Dayton and Lt. Gov. Prettner Solon may not be long-term team

Governor and Prettner Solon “don’t talk very often.” Her decision on seeking re-election could come at year’s end.

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Lt. Gov. Yvonne Prettner Solon chaired hearings on restricting guns at the State Capitol. Dayton has said he opposes such restrictions.

Photo: DAVID JOLES • djoles@startribune.com,

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Minnesota’s governor and lieutenant governor have a silent — and possibly temporary — partnership, they said on Tuesday.

Lt. Gov. Yvonne Prettner Solon stated flatly that she and Gov. Mark Dayton, “don’t talk very often.” Asked about his second-in-command, Dayton responded Tuesday with a cool, “I’m not going to comment on our relationship.”

And both DFLers, who rode a joint ticket to ­victory in 2010, left open the idea that Prettner Solon may not share the ticket when Dayton runs for re-election next year. Dayton said Tuesday that Prettner Solon alone would decide whether to stick with him.

“We agreed we’d talk about it at the end of the year, so I didn’t pursue that question,” Dayton said.

The two leaders’ public airing of their doubts about their future together is a marked change from recent years when such matters were kept under wraps. But with questions ­rising about whether the ticket will remain intact, Prettner Solon is speaking bluntly.

She made clear on Tuesday that she and the governor do not discuss major issues such as restrictions on citizens’ bringing guns to the State Capitol. On the day Prettner Solon, who favors some restrictions, convened a hearing on the ­matter, Dayton told reporters at a separate event that he opposed such restrictions.

“The governor and I each have very busy schedules,” Prettner Solon. “It’s not always easy to accommodate meetings between us.”

Dayton said he and she discussed re-election about two weeks ago and agreed to revisit the issue at the end of the year. “It’s her decision to make,” Dayton said.

Prettner Solon said she will finish out this term, but when asked about a second said “I don’t have to make a decision at this time.” She said she will “just look and see” whether the benefits of a second term outweighed other options.

A former state senator, Prettner Solon was considered a political catch back in 2010 when she agreed to join Dayton’s campaign. She was respected for her work at the Capitol and her golden name in northern Minnesota.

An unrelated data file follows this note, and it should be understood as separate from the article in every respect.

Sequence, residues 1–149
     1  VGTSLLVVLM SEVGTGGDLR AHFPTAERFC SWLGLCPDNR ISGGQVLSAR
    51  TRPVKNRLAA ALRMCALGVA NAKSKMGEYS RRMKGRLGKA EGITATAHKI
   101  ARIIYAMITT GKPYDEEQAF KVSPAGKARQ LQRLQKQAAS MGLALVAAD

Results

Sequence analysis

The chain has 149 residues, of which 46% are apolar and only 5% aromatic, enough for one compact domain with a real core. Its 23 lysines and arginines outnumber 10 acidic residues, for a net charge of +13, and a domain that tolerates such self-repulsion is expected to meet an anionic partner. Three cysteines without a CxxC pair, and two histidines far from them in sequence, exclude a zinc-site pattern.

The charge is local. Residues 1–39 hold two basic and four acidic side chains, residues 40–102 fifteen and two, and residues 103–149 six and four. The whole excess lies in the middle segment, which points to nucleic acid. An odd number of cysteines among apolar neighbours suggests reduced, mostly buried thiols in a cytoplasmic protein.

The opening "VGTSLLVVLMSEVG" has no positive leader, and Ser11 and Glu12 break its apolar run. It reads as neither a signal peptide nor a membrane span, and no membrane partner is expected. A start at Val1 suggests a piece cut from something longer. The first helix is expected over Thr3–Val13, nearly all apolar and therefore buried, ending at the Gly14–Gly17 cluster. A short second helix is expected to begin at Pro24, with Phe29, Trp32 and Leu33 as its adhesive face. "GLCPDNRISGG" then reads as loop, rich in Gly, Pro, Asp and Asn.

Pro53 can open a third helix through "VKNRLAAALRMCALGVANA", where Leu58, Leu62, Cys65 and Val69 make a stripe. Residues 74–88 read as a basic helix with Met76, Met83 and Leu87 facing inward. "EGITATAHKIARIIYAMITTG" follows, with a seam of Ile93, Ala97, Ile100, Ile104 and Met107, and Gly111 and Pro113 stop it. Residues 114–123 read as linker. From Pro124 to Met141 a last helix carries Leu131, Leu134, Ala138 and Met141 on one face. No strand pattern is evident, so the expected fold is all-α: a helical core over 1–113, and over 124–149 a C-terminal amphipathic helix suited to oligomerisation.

Prettner Solon won a special election in 2001, following the death of her husband, legendary lawmaker Sam Solon, who was elected in 1972 and died in office.

“There is no doubt that Yvonne Prettner Solon helped Mark Dayton become governor. She was vitally important in the primary,” said Ken Martin, DFL Party chair. Dayton won a three-way 2010 ­primary, picking up 56 percent of the vote in the DFL-vote rich Eighth Congressional District, where Prettner Solon makes her home.

Although she ended up on the Dayton ticket, he was not her first pick for governor. She had supported Sen. Tom Bakk’s gubernatorial run ­initially, then switched to Minneapolis Mayor R.T. Rybak. Only once both of them were out of the race did she sign on with ­Dayton.

Like previous gubernatorial candidates, Dayton said at the time that his lieutenant governor would have an active role in his administration. Prettner Solon’s open comments about her rare talks with the governor make clear she has not had his ear.

Prettner Solon chairs a Capitol security advisory committee, occasionally holds office hours in Duluth and has worked to create a clearinghouse for senior citizens to access state government. On Tuesday, after Solon’s and Dayton’s comments, the governor’s office announced that she had been appointed to co-chair an energy committee at the National Lieutenant Governors Association. Her appointment was official on Aug. 14.

Constitutionally, the lieutenant governor’s only function is to be ready to step in for the governor, should the need arise.

Martin said whoever is in the No. 2 spot on the ticket, “The election next year is really going to come down to Governor Dayton.”

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